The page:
Wednesday 2 July 2008


A lot of nonsense seems to have been written about this particular dish, and its exact provenance. Some will have you believe it can be traced back to Siena and a dinner in honour of Cosimo III, whilst others claim it is in fact a Zuppa Inglese (it isn't - they are completely different things) and thus shares the history of that dessert. Most credible to my way of thinking is the idea that in fact Tiramisu, as we know it, is a fairly recent invention and dates from Treviso sometime in the seventies.

When I was cooking professionally, I invariably used Carluccio's version, which includes kahlua and omits any whisking of either egg whites or cream. The result is unctuous and dense, and is well suited to an environment where food often needs to be physically quite robust. Looking further afield, Valentina Harris, La Hazan, and Alvaro Maccioni all include beaten egg-white, which lightens the end result, and Claudia Roden is quite disappointing, with her rather uninspired two-layer-only version. In trawling through the archive, I came across a venetian recipe, which included crystallised fruit within the cream layer (doesn't do much for me - crystallised fruit of any kind, I tend to avoid). And then I found the Pradelli version, quite different from all the others, as in fact he makes a zabaglione base, into which he then incorporates the beaten cream and mascarpone and egg-white. The end result is much lighter than the others, but without losing the dense quality that is fundamental to the quality of the dish. I recommend it...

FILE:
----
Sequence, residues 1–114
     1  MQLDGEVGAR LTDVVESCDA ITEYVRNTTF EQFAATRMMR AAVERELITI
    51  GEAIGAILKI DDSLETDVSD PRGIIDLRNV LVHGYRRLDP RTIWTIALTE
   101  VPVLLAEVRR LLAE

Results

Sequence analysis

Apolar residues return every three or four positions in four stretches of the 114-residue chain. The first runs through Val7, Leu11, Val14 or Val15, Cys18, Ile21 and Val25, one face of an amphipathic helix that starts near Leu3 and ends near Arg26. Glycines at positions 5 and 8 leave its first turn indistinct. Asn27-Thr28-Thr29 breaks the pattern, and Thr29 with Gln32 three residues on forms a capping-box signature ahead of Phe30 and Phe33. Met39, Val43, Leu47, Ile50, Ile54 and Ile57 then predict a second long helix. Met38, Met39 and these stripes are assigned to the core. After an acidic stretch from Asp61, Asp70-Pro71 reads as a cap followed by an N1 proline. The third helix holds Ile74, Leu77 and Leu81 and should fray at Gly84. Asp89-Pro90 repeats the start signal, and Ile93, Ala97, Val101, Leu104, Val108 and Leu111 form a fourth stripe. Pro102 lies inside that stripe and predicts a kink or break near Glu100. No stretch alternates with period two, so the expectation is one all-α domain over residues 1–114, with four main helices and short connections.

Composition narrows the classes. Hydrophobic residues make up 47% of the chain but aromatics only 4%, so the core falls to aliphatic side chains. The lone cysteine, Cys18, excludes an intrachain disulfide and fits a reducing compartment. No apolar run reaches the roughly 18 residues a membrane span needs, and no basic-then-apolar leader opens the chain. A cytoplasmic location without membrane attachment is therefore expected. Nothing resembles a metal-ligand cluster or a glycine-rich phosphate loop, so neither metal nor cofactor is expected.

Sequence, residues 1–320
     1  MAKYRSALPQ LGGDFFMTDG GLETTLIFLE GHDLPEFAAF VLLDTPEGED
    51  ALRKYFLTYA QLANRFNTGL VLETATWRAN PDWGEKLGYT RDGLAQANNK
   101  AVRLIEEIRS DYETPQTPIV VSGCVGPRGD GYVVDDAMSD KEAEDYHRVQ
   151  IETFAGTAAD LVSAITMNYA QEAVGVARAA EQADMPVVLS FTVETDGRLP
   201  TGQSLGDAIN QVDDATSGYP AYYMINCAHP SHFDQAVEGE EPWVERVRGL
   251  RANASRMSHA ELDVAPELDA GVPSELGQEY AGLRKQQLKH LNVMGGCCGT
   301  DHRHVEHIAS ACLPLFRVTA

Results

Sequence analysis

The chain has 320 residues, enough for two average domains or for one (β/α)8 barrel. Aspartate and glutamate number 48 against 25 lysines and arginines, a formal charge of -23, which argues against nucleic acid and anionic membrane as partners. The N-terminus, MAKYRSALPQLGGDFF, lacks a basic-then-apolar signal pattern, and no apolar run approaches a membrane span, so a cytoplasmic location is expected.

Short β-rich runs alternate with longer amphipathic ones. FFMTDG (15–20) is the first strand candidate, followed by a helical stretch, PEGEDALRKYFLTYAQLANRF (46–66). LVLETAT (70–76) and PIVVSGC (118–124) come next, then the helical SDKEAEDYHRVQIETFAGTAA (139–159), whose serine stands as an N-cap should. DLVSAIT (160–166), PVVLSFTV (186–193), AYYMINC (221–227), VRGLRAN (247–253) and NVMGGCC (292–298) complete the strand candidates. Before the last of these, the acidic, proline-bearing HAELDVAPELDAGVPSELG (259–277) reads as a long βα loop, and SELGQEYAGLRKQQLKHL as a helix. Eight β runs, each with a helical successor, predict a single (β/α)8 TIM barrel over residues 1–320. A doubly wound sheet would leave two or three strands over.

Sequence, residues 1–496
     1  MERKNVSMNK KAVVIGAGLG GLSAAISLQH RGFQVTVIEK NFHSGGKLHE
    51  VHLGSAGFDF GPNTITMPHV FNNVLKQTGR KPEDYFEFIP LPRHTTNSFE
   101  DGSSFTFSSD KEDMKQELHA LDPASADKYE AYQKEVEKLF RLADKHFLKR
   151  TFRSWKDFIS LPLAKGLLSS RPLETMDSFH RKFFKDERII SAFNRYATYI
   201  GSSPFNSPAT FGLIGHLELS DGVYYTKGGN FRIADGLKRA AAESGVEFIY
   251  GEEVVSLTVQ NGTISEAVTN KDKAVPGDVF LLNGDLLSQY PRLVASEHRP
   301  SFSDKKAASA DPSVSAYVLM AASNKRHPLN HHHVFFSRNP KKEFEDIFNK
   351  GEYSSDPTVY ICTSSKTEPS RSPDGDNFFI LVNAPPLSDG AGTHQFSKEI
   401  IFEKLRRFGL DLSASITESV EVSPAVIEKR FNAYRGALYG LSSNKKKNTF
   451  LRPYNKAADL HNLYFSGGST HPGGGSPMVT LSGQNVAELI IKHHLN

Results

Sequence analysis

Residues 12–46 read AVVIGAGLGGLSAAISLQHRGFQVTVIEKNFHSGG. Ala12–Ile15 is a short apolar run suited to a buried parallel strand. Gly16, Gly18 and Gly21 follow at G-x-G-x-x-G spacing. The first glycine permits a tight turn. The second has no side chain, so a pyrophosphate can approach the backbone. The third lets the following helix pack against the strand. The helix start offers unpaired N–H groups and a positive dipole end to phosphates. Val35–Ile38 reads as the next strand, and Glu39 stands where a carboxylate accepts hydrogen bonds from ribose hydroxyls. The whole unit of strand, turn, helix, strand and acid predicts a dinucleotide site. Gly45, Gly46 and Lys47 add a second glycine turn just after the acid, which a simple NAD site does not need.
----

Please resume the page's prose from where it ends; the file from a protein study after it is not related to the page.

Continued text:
For four generous servings.

Ingredients: 4 Eggs; half a cup of Sugar; 1 liqueur glass of Marsala; 1 liqueur glass of Rum; 100 ml Cream; 250 g Mascarpone; 2 teacups of Espresso; 25 or so Sponge Fingers; good quality Chocolate powder, for final garnish.


1. In a double boiler or zimmertopf, whisk together the egg yolks and sugar until the mixture is pale yellow and forms a ribbon behind the whisk. Over medium heat, continue stirring for four to five minutes, adding first the Marsala and then the Rum. At the end of this time, the mixture should be thoroughly homogenised and the velvety density of a custard. Remove from heat.

2. Whisk the Cream until thick, and then beat into this the Mascarpone. When thoroughly incorporated, fold in the zabaglione mixture. Beat the egg whites until stiff, and then carefully fold these also into the zabaglione-mascarpone mixture. Set aside while you make the biscuit base for the Tiramisu.

3. Take a shallow rectangular dish about 4" x 6" and line the base with Sponge Fingers which have been briefly dipped in Espresso (NB: the biscuits should be moistened only - if they are too soggy, the texture of the finished dish will be sub-optimal, and the excess coffee will leech out and be discovered as a puddle at the bottom of the dish, which is undesirable). To cover the base of the dish should use up half of the Biscuits you have available.

4. Cover the layer of moistened biscuits with half of the zabaglione-mascarpone mixture; cover this in turn with the remainder of the biscuits, moistened, and then the rest of the zabaglione-mascarpone mixture on top.

Refrigerate for at least twenty four hours before serving, and just before you serve it, sprinkle the surface with Chocolate Powder.


Anonymous said...

How I love your writing! Thank you for your observations regarding Tiramisu. I've eaten it only once and it was a terribly thin and wet creature that hasn't inspired me to try again, but the recipe you have posted has inspired me to make it the next time I have a gathering. Thank you!

Pomiane said...

Please is quite splendid when properly made (but DO remember not to over-soak the biscuits, which is what sounds as though it happened in your previous experience...) Almost better than eating it for dessert, though, is having an unobserved serving of leftovers with mid-morning coffee the next day. Sheer Heaven!

Anonymous said...

So tempting!